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Pope Francis caused some confusion and disappointment on Monday for those who been holding out hope regarding his stance on same-sex marriage and LGBT equality. That’s when, during a speech at the Complementarity of Man and Woman conference in Rome, the Pope made the following declaration to a room packed with religious leaders: “Children have a right to grow up in a family with a father and a mother.”
However, at the end of his speech, the pope announced plans to make his first visit to the United States in September, where he will attend Philadelphia’s World Meeting of the Families. That Catholic conference, held to strengthen family units worldwide, will ironically host many gay and lesbian families.
Although the pope has always maintained that “matrimony is between a man and woman,” and has stated his opposition to same-sex adoption (even being “shocked” by the notion, according to a local paper in Malta), LGBT activists have maintained hope regarding his opinions: He has indicated that he would support some civil unions in the event that one partner needed medical care, for example, and has warned against the church becoming “obsessed” with gay issues.
“On the one hand, Pope Francis is a hopeful pope — he doesn’t come from Vatican bureaucracy, he entered priesthood later than most men, he’s grounded in his ministry, and seems comfortable discussing gay issues,” Marianne Duddy-Burke, executive director of Dignity USA, an organization for LGBT Catholics, tells Yahoo Parenting. “It’s hard to put a traditional label on him. However, he is not as focused on social issues, such as abortion, gay rights, and contraception, and that’s not in line with how the world is evolving.”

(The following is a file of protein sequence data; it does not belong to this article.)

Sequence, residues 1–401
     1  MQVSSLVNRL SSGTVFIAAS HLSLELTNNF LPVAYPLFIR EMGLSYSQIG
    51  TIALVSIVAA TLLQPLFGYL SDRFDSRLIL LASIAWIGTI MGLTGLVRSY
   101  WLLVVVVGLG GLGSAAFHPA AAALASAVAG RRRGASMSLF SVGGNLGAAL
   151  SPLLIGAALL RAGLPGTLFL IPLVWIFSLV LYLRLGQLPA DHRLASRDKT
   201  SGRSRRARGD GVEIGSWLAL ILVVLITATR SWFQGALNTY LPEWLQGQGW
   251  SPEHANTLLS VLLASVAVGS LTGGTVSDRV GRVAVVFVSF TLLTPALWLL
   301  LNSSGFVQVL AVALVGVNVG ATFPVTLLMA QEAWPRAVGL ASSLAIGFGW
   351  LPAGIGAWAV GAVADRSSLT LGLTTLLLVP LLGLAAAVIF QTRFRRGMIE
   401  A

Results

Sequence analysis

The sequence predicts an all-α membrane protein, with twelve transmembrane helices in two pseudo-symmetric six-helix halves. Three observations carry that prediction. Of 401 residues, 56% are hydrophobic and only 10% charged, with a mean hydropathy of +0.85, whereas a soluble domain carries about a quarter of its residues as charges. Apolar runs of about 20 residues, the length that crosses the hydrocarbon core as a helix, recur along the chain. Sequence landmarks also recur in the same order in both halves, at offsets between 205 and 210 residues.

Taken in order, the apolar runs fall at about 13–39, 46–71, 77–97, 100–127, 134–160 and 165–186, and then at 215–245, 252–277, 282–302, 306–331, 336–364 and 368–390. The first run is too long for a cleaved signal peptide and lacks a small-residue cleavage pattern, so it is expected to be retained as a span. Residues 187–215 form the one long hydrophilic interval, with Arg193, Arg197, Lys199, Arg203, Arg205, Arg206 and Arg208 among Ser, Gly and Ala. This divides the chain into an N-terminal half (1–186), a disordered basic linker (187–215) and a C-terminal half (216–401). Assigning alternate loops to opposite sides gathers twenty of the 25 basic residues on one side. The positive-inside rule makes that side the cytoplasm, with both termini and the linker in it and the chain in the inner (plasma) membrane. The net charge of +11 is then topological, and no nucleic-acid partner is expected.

Regardless, the media erupted with speculation about whether Monday’s remarks indicated that the pope was supporting traditional families or simply emphasizing their primary place in society.
Pope Francis, who has been dubbed the “cool pope,” already has a history of causing a stir. Back in January during a service at the Sistine Chapel, he encouraged all mothers to breastfeed in public — even in church— saying of babies, “If they are hungry, mothers, let them eat, no worries, because here, they are the main focus.” He’s also acknowledged the importance of female religious leaders, saying that the church should “investigate further the role of women” and that “the feminine genius is needed wherever we make important decisions.”
And despite his seemingly rockstar image — the former nightclub bouncer has nearly 5 million Twitter followers and, in 2013, Time magazine named him “Person of the Year” — Pope Francis leads a simple life. He resides in the Vatican guesthouse instead of a fancy papal apartment, and he drives a 1984 Renault instead of using a chauffeur. Earlier this week, it was announced that three showers for homeless people would be installed in public restrooms in Vatican City. And the pope recently made headlines for inviting “Godmother of Punk” Patti Smith to perform at the official Vatican Christmas Concert in December — and she accepted.
Cardinal Francis George of Chicago, who is retiring due to his cancer diagnosis, acknowledged on Monday that the pope has a history of creating confusion about his opinions. “Does he not realize the repercussions? Perhaps he doesn’t,” Cardinal George told the Catholic website the Crux. “I don’t know whether he’s conscious of all the consequences of some of the things he’s said and done that raise doubts in people’s minds.”
Duddy-Burke agrees. “No one really knows the Pope’s stance on gay marriage,” she says. “It’s disappointing and confusing, however unfortunately consistent with what we’ve been hearing from the Vatican for the past 30 years.”